For some years now, The Motet has been leading kind of a schizophrenic life, serving up its regular, originals-heavy set on the festival circuit, while spending some portion of its off time working up cover-version tribute shows for mainly local gigs (Fort Collins, Boulder, Denver.)
Drummer and Motet majordomo Dave Watts says it’s been an effective way to keep the band sharp and shake up what could otherwise be a one-set-per-year grind, and anyone who’s caught the band in full retro-trib form knows that the cover sets are far from perfunctory. Watts and Co. sink their teeth into the material, deftly mining the originals for composition and groove (Parliament/Funkadelic, Earth Wind and Fire) or audacious re-arrangement (Grateful Dead).
But Watts admits that charting up cover shows over the years have helped to move the band’s original material focus into a newly sharpened focus. The band is putting the finishing touches on a new straight-ahead funk record, due out in January and featuring the heartbreaking soulfulness of longtime vocalist Jans Ingber, that reflects Watts’ and the band’s re-energized focus on songcraft.
“After doing all this Halloween stuff,” he told us last week, “[we realized] how effective a great song is on a crowd. Instead of just the energetics [sic] we’re used to bringing, with improvising and soloing and extended arrangements across all the genre changes, we really decided to focus just on tunes, because we realized how powerful a good song is.”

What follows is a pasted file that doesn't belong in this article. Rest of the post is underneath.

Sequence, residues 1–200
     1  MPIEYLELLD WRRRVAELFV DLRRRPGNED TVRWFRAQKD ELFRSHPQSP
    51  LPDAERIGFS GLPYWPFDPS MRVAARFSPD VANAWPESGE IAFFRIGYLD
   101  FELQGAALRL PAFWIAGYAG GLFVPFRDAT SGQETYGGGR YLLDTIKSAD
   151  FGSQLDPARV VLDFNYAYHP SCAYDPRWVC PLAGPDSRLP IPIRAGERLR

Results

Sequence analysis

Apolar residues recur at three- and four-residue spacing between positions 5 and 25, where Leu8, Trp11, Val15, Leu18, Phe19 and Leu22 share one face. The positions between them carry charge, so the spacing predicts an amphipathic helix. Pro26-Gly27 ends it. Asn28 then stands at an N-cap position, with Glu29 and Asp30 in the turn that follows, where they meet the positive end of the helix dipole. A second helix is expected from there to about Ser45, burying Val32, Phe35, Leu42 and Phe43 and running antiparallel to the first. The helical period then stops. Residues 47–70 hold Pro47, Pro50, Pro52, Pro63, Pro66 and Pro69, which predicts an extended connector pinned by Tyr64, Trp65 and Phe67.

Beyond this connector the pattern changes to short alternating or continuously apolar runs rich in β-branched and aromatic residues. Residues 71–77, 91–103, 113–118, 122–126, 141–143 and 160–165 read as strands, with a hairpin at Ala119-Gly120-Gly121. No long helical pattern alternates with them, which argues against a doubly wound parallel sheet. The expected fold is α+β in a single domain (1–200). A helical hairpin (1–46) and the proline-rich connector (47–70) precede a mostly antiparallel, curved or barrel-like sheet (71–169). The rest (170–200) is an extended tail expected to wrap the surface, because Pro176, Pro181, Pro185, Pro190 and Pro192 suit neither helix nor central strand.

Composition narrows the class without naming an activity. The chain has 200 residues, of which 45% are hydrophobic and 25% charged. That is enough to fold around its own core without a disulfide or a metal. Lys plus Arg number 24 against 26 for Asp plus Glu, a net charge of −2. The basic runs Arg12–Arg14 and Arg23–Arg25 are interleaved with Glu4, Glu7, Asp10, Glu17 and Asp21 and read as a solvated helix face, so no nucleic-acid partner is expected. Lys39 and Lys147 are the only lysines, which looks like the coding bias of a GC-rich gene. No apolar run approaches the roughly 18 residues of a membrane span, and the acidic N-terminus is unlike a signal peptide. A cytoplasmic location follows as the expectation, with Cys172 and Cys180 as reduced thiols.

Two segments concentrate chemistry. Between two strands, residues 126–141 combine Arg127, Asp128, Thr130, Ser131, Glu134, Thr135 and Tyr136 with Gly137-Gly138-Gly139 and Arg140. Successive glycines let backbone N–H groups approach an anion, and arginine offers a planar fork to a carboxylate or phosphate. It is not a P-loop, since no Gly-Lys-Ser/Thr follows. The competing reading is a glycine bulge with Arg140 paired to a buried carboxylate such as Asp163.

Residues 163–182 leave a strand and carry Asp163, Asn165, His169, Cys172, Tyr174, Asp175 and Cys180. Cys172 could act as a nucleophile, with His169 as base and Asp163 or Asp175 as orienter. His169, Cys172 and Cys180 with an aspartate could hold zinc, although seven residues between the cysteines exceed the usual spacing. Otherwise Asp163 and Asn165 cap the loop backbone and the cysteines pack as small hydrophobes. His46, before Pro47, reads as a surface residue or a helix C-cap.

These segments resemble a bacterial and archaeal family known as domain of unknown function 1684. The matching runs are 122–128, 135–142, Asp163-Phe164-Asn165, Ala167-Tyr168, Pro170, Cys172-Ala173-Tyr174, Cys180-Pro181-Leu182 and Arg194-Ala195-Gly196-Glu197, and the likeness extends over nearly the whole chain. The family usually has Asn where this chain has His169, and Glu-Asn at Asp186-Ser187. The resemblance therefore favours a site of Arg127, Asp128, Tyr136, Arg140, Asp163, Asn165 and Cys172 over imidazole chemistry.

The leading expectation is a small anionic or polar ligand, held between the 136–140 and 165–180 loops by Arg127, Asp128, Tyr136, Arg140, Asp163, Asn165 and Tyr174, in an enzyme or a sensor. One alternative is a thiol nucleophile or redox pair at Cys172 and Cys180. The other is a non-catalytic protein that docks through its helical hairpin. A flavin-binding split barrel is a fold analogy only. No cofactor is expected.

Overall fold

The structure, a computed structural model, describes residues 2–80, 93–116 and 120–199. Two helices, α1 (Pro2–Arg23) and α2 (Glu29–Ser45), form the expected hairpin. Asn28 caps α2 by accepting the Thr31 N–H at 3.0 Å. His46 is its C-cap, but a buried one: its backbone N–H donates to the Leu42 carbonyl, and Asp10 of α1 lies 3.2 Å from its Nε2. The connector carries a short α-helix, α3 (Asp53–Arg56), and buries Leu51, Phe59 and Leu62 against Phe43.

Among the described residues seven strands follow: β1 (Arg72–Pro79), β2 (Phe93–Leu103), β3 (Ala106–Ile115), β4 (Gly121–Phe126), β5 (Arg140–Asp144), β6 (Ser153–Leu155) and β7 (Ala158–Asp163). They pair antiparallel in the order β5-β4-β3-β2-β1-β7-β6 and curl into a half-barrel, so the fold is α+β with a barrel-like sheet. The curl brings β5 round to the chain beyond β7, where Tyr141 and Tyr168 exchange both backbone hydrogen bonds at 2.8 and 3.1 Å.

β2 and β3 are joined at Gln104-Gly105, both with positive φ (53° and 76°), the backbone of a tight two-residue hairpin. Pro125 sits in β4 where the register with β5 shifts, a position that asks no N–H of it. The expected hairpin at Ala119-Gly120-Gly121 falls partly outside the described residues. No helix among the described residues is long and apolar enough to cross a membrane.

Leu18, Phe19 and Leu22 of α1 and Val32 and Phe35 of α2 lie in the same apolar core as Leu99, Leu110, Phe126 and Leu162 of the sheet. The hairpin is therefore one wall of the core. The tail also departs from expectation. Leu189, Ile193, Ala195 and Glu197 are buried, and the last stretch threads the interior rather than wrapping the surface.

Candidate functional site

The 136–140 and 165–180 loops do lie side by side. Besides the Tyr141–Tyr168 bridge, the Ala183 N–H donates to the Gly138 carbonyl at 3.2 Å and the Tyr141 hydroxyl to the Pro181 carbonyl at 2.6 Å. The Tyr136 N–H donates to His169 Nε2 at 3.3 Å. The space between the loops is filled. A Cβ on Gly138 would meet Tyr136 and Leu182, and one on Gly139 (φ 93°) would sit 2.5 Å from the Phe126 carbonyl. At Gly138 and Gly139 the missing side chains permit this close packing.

The album was teased by Relix last month, with a video of the new single “123,” featuring Ingber on vox and Porter’s slithery keyboard lines winding their way around the punchy, airtight horn section of Gabe Mervine and Matt Pitts.
In a sense, the covers have drawn The Motet back to their funk and R&B roots.
Having tapped a healthy portion of the band’s retro faves in recent years, Watts ingeniously decided to approach this year’s Halloween gig with “Mixtape 1980.” The mix tape idea cleverly allows the band to mine crowd-familiar material while still being able to drop The Motet into different genres.
“Yeah, 1980. I mean, you had Bob Marley had an album come out then [Uprising], and you listen to some of that stuff and still it’s so rootsy. And then you had Devo, who had this hit with ‘Whip It.’ So you have ‘Work’ by Bob Marley, and ‘Whip It’ by Devo, and this all came out in the same year? It’s like, 1980 was some kind of weird crossroad,” Watts says.
The Motet plays the Boulder Theater on Thursday, Oct. 31. Doors open at 8 p.m. Tickets are $25 in advance, $30 day of show.